By publishing and exposing Application Programming Interfaces (APIs), platforms such as EoS1 ensure that information from the Internet of Things can flow straight in to CRM and other software systems where its value can be exploited to the full - and accessed from anywhere, on a computer, smartphone or other mobile device.
What does the Internet of Things mean for your business?
Not so long ago, customer relationships were built on the foundations of face-to-face and telephone contact. A long and indirect chain of communication stretched between producer and customer, with retail staff, sales reps, repairs and complaints departments the links between the two.
But the Internet of Things changes all that. Information about customers can be sent automatically to your CRM platform - in real-time. Information such as:
how and where they are using products that have been purchased
what they are using them with
whether their purchases are working properly
In short, the Internet of Things will enable you to understand your customers in a whole new way, and with a level of detail that until now has simply not been possible.
DIRECT LINE TO INFORMATION
The most important change is that you can collect and analyse this customer information in real time - without the need for a human intermediary to collect and enter it or the data volume limits that that necessarily entails.
And that means your product design and marketing strategies can be informed by more accurate, more timely data. For example, if a new product isn't performing as well as you had anticipated you are in a better position to decide how to react. Making decisions such as determining whether your product is fundamentally flawed or your marketing simply needs tweaking are much easier if you have the best possible information to support the decision-making process.
Creating Social Machines
Social media has become a well-established tool for marketing and customer relations. The Internet of Things enables products to generate automated posts, shares and locations, helping to build online communities of users centred on your product - and in turn, allows marketers to gain useful feedback and identify trends.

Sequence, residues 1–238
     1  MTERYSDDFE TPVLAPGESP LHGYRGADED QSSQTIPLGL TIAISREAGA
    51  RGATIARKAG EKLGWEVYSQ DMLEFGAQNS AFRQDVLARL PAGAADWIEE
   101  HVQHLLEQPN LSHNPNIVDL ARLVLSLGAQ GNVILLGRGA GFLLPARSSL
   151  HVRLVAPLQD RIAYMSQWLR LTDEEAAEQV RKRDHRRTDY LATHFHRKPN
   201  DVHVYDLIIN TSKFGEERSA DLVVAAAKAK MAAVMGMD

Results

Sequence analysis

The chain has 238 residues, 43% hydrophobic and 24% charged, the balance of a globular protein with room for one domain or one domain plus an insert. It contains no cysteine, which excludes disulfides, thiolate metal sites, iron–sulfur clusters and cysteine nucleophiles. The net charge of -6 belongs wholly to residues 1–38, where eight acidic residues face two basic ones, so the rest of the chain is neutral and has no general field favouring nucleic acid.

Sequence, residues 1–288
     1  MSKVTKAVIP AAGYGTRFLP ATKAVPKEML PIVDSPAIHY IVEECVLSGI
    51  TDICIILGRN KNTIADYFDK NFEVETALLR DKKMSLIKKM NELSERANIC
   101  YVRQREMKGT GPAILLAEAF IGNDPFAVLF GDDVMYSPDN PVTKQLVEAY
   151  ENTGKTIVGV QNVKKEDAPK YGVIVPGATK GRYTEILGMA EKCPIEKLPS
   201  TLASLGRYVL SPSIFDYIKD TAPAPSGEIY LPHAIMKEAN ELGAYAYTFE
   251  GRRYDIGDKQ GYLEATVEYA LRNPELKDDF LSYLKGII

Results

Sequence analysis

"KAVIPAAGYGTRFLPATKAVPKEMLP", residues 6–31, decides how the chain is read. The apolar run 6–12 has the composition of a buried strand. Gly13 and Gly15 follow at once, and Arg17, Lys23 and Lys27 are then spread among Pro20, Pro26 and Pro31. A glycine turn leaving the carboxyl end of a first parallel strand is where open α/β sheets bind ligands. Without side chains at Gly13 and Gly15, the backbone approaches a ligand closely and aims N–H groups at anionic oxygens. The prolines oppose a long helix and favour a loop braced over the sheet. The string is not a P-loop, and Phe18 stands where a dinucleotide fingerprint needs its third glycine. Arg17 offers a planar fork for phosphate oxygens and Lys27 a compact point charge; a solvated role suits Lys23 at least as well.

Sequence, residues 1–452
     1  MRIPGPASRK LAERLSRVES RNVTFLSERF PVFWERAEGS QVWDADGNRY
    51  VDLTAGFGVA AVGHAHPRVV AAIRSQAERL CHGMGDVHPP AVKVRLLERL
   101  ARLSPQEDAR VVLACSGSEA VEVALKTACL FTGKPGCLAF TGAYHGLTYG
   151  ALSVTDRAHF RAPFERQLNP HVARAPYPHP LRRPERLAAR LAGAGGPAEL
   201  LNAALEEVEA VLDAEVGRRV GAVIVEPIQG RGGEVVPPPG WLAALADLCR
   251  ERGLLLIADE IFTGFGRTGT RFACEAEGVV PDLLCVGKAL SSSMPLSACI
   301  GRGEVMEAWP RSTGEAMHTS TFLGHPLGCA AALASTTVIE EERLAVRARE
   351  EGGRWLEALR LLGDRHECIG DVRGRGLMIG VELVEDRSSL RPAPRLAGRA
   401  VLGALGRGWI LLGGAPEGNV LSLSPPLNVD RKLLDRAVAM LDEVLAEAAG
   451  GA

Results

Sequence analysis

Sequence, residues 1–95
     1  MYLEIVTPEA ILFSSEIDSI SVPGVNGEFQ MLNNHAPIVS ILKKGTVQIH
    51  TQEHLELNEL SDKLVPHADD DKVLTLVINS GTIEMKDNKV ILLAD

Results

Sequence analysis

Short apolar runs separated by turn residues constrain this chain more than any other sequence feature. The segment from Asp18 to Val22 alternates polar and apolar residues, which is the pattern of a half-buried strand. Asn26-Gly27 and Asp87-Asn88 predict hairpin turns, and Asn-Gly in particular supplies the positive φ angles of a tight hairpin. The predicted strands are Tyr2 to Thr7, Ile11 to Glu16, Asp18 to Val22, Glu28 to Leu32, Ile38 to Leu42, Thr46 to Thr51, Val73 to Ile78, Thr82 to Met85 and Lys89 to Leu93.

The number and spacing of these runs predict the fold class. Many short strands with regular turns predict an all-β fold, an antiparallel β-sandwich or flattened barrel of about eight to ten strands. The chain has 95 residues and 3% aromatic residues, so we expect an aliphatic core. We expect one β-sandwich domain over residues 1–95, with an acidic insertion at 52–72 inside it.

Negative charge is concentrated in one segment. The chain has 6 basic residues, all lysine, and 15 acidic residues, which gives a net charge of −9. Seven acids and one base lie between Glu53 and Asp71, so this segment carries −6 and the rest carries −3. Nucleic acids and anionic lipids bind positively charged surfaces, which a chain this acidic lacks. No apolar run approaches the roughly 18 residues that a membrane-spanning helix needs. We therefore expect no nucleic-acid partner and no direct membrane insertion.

Toyota has taken a lead in connecting devices to social networks with its Toyota Friend platform. Built using App Cloud, it enables Toyota's cars to use social networks to communicate with their owners for example, sending alerts when key maintenance tasks are due. It also provides a dedicated social networking community for Toyota owners and their cars.
For its part, Toyota gains a closer connection with its customers and deeper insight into the lifecycle of its vehicles.
The Internet of Things presents tremendous opportunities - but only to companies that are ready for it. That's because while it can be a rich source of information, getting access to information in itself achieves very little.
What's needed is a way of managing and distributing this information to those that need it so that data can be turned into action fast.
That's why you need a platform, such as EoS1, with flexible APIs that enable you to receive information from the things connected to it, wherever they are, and trigger events based on that information perhaps contacting a customer, creating a marketing message or triggering despatch of replacement parts.
With the right platform in place, your relationship with your product doesn't end at the point of sale. Instead it continues to provide you with data helping you to serve your customers better.